Okay, we’re at a point now where it’s highly unlikely many mobile gamers are itching for another roguelite. It’s proven to be a popular genre on mobile, which means everyone, their uncle, and their uncle’s cat has released some kind of variation on the time-honored theme. 1-Bit Rogue (Free), from Kan Kikuchi and popular Japanese indie developer Skipmore, is the latest to give it the old college try, and while it’s a pretty fun game, I’m not sure it has much to say to anyone looking for something to perk up the genre. It does all the things well that Skipmore usually excels at: the retro-style presentation feels authentic, there are fun unlockables, and it’s an easy game to come to grips with. If nothing else, that makes it worth checking out for a game or three.
As the title implies, 1-Bit Rogue is a simplified version of a roguelike. But more than that, it’s a simplified version of a Japanese-style roguelike, a sub-genre some might argue is already in a more streamlined form. Games like Shiren the Wanderer found a way to boil down the often highly-complex rules of a genre that mostly existed on home computers, and make it palatable for the simpler control inputs and technical capabilities of consoles.
The end result has a great deal in common with PC roguelikes, but is different enough that a person could conceivably like one and not the other. Both varieties pride themselves on extreme difficulty and making the most of your luck, good or bad. The main way they differ is that in Western roguelikes, you don’t typically carry anything over from attempt to attempt save your own increased knowledge. With enough studying and a bit of luck, you could conceivably win quite a few Western roguelikes on your first attempt.
That’s not the case for Japanese roguelikes, which often place an emphasis on preparation for the one perfect run. The Shiren games allow you to stow items in a storehouse where you can retrieve them on subsequent runs. You can refine a weapon over the course of several runs, building up to the point where you will finally be powerful enough to score a victory. Again, with a little luck. It’s that idea, the notion of powering up over the course of multiple runs, that sits at the core of 1-Bit Rogue. You start off with one character unlocked, the warrior. As you play through the game, you’ll gather coins, which can be used in that run for a variety of purposes, or carried forward to spend on things like stat upgrades and new characters after your run is finished. You’d have to have a tremendous run of luck to get very far with your default character, but as you build up their HP, you’ll be able to reach new depths and eventually beat the game.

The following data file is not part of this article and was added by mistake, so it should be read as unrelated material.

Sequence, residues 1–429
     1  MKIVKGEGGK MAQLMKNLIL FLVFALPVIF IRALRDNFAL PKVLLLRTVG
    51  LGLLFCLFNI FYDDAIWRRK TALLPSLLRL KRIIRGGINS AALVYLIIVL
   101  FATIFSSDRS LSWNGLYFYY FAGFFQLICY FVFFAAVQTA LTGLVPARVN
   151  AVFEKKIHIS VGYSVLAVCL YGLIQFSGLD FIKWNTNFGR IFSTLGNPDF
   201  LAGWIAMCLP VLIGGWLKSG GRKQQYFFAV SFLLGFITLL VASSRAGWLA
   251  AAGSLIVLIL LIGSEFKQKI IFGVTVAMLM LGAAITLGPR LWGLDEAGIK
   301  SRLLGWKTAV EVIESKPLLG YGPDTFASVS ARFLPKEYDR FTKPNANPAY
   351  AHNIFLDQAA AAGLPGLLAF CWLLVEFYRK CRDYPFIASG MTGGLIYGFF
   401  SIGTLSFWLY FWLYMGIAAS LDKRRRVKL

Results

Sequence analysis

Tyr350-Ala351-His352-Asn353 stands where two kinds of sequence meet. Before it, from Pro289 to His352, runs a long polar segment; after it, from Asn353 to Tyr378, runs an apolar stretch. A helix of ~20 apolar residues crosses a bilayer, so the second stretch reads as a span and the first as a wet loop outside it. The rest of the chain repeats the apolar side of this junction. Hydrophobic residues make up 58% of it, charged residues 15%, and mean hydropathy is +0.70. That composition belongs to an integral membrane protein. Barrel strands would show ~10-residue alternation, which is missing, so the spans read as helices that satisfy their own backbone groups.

The gameplay itself is as simple as it could be. On each floor, you need to find the stairs to the next level of the dungeon. That requires you to first hit a switch located somewhere in the level that will reveal those stairs. There are monsters patrolling the hallways who don’t seem to like you very much, statues that can grant you boons or curses, chests that contain one of any number of useful goodies, and traps that will probably kill you if you trip them. What makes this simpler in structure than the average Japanese-style roguelike comes down to a few things.
First, the maps are quite small. They start off almost fitting completely on one screen, and while they get a little bigger as they go, you’ll never need a map or anything like that to keep track of things. Second, there are always going to be a set number of each type of object per stage, depending on depth. For example, one treasure chest and two monsters. Third, you can only carry one item at a time. Any found medicine will be drank on the spot, any weapons you pick up will replace the current one, and anything your character can’t use will be turned into cash.